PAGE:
Objective Principles of Economics
Economists have the habit of solving the wrong problems. They speculate circumstantially about the behavior of agents and do not come to grips with the behavior of the monetary economy. This is the consequence of the methodological imperative that all explanations must run in terms of the actions and reactions of individuals. The critical point is that no way leads from the understanding of the interaction of the individuals to the understanding of the working of the economy as a whole. The solution consists in moving from subjective-behavioral axioms to objective-structural axioms, i.e. from past to future.
|Date of creation:||03 Apr 2014|
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- Philip MIROWSKI, 1989. "The Rise and Fall of the Concept of Equilibrium in Economic Analysis," Discussion Papers (REL - Recherches Economiques de Louvain) 1989046, Université catholique de Louvain, Institut de Recherches Economiques et Sociales (IRES).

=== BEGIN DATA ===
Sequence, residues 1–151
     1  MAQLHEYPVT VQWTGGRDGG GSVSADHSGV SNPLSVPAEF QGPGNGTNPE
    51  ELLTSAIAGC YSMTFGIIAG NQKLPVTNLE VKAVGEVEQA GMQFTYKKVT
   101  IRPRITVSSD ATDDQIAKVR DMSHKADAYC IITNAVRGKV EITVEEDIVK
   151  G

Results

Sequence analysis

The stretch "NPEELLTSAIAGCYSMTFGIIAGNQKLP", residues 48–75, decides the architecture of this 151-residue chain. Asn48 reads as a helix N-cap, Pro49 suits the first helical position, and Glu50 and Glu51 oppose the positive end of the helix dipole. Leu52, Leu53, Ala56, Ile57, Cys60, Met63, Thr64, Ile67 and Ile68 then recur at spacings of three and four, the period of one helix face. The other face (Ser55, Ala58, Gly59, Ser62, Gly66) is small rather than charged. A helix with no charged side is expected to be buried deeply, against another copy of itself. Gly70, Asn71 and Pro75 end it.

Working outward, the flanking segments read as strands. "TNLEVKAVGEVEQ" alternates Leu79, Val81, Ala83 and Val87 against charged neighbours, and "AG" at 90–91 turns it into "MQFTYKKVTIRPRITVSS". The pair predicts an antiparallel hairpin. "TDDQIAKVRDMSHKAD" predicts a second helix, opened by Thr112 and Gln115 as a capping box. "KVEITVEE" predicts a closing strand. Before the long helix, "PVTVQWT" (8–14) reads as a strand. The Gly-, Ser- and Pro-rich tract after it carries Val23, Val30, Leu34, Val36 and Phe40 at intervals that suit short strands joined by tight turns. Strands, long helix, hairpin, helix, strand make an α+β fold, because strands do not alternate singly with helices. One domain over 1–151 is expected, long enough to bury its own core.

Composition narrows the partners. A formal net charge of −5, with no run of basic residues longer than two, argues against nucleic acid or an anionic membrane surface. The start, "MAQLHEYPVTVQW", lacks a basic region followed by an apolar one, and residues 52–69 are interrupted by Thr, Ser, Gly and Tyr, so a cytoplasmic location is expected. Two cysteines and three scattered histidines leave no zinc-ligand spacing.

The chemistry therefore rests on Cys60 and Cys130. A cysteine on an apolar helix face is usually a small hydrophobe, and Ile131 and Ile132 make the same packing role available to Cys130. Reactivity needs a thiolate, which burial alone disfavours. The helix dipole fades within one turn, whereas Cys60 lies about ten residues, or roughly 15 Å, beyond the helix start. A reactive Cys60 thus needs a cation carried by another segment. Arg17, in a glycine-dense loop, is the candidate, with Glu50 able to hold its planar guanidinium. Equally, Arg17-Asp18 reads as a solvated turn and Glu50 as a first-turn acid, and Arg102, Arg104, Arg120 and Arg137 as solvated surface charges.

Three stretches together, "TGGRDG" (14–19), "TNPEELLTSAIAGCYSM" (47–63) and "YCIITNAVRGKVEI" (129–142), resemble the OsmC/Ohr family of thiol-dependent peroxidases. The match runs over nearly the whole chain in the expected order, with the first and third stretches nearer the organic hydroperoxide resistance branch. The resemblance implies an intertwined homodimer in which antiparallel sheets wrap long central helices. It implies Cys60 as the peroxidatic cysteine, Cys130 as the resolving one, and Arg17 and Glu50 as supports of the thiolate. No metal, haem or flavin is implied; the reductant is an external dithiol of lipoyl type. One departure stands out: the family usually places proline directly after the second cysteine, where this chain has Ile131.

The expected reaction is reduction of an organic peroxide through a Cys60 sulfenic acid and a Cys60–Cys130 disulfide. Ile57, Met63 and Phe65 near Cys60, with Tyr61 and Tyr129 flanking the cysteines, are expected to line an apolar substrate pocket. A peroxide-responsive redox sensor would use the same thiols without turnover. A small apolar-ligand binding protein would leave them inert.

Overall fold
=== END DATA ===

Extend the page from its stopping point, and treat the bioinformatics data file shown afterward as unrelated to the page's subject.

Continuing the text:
- Mark Blaug, 2001. "No History of Ideas, Please, We're Economists," Journal of Economic Perspectives, American Economic Association, vol. 15(1), pages 145-164, Winter.
- Mark Obrinsky, 1981. "The Profit Prophets," Journal of Post Keynesian Economics, M.E. Sharpe, Inc., vol. 3(4), pages 491-502, July.
- Arrow, Kenneth J, 1994. "Methodological Individualism and Social Knowledge," American Economic Review, American Economic Association, vol. 84(2), pages 1-9, May.
- Hausman,Daniel M., 1992. "The Inexact and Separate Science of Economics," Cambridge Books, Cambridge University Press, number 9780521415019, Diciembre.
- Weintraub, E Roy, 1985. "Joan Robinson's Critique of Equilibrium: An Appraisal," American Economic Review, American Economic Association, vol. 75(2), pages 146-149, May.
- Hausman,Daniel M., 1992. "The Inexact and Separate Science of Economics," Cambridge Books, Cambridge University Press, number 9780521425230, Diciembre.
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